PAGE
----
The arbiter of all things popular, Google, last Saturday said that Internet search was dominated by three topics: the suicide death of ponzi scam king Bernie Madoff’s son, the 2010 Army Navy football game and Santacon 2010 in New York City.
Okay, I probably weakened my point about Mark Madoff by bringing up the football game and Santacon, but how do you ever pass on a Santacon reference? I certainly couldn’t.
Mark Madoff’s life is simultaneously, something that very few people can relate to and also an amazing prism for everyone trying to navigate to choppy waters of today’s workplace. Before I explain, let me give a quick refresher course.
Madoff’s dad created a sink hole that eventually swallowed relatives, friends and some top charities. The more you think about what happened, the more you think that Bernie could be nominated as the top sociopath of this century. Okay, it’s early in the century, but you don’t see evil like that very often.
But remember, it was Mark who turned in his dad to authorities. Okay, some could argue that he saw it all coming and called the cops earlier, but at least he finally put an end to any additional financial bleeding.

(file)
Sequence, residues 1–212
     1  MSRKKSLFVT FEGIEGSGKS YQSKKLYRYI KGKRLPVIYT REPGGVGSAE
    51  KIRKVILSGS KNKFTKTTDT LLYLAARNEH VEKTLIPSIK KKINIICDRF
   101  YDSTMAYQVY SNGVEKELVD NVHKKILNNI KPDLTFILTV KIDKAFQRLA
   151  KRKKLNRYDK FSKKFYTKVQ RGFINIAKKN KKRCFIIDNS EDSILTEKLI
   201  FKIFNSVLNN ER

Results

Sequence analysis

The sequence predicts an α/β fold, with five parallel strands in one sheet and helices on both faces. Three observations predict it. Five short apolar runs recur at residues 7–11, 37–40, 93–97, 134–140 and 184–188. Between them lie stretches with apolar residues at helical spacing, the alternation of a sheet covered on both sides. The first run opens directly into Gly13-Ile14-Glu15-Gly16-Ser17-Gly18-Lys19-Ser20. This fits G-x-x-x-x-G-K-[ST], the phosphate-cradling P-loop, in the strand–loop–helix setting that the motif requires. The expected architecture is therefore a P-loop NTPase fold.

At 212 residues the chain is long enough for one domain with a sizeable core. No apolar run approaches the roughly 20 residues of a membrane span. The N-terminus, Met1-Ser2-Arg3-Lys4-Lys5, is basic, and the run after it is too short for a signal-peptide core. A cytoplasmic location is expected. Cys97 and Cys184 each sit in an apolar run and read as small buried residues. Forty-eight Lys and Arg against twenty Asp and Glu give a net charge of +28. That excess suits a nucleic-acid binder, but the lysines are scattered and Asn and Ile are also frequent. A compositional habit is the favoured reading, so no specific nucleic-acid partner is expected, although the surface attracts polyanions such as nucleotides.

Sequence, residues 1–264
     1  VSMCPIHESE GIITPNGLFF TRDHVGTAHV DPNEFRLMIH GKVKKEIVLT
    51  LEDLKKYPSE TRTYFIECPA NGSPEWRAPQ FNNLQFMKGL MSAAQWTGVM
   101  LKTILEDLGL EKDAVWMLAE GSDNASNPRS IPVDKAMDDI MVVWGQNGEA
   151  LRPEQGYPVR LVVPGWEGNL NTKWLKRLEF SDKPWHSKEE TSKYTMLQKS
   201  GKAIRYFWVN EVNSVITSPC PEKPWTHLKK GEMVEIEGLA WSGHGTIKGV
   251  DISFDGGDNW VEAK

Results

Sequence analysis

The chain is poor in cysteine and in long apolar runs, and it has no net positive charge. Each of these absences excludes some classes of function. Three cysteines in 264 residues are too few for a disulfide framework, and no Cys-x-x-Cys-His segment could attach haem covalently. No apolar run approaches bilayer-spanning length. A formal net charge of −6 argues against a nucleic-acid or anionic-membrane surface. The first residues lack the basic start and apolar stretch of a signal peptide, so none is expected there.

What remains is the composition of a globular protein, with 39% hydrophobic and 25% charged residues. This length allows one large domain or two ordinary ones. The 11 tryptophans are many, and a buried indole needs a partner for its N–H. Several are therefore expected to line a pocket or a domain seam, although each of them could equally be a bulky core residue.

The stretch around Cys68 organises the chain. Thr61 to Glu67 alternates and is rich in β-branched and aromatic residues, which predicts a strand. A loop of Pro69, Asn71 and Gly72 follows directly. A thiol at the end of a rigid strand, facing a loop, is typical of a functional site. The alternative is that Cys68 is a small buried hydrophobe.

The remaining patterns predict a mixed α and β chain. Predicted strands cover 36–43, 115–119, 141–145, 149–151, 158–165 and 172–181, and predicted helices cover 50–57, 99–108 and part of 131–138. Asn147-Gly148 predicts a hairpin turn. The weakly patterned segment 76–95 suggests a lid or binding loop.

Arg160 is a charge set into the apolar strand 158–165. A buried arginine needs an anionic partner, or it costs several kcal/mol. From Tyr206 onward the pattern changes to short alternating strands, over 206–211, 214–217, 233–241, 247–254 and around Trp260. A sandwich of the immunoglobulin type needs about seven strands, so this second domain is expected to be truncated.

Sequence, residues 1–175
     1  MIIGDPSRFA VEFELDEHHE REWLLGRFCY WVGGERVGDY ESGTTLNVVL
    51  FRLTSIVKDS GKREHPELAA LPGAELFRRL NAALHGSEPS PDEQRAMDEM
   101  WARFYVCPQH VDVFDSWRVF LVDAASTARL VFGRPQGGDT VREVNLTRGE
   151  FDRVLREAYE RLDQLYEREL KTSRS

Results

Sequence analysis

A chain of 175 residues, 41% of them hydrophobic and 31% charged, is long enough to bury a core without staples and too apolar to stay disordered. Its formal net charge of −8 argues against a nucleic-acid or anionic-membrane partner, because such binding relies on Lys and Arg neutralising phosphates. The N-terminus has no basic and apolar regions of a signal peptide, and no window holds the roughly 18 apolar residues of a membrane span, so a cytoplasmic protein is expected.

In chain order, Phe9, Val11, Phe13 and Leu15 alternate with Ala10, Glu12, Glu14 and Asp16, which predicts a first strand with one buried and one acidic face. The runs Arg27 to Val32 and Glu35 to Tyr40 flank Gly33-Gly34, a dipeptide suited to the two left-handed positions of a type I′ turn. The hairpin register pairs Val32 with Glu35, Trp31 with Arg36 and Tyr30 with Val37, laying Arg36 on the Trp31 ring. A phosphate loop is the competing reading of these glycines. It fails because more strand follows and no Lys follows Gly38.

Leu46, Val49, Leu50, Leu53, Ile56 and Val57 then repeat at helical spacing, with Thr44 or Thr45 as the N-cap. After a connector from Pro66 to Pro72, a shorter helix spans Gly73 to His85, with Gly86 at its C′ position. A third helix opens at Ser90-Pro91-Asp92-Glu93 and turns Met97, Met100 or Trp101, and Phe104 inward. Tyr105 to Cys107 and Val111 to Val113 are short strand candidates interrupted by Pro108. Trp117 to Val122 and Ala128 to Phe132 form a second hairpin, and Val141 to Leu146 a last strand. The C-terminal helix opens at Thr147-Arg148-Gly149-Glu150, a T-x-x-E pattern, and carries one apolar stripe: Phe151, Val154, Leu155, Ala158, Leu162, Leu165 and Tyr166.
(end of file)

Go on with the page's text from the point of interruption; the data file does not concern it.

The narrative immediately after Mark’s suicide is that it was timed with the second anniversary of the scam being discovered and by the inclusion of Mark’s kids in the lawsuits to recovery money from people who profited from Bernie’s evil finally pushed him over the edge.
Unemployable, disgraced and facing the prospect of years of litigation for everyone who shared his family name and friends you can understand the desperation. But the goal of this blog isn’t to make you feel sorry for Mark. It’s to make you aware of the ever present law of unintended consequences.
Sure, Mark knowingly or unknowingly profited from his father’s business ventures for years. He held high positions in the company. And yes, some can argue that there were actually legitimate, money making components of the Madoff business, in addition to the ponzi scam.
But once the enterprise started to crumble, the guilty, the innocent and everyone in between got painted by the same broad brush of shame and retribution.
I actually applaud the attempts to recover money for the people who lost everything. And I understand the scorn that people feel who never had anything to lose but who were asked to feel sorry for these rich people who are crying over their loss of stature and sustenance.
What’s the point for the rest of us? The importance of avoiding questionable financial dealings whenever you see them. From Enron to Lehman, the rule of too good to be true still applies.
About The Author: Bob Rosner is a best-selling author and award-winning journalist. For free job and work advice, check out the award-winning workplace911.com. Check the revised edition of his Wall Street Journal best seller, “The Boss’s Survival Guide.” If you have a question for Bob, contact him via [email protected]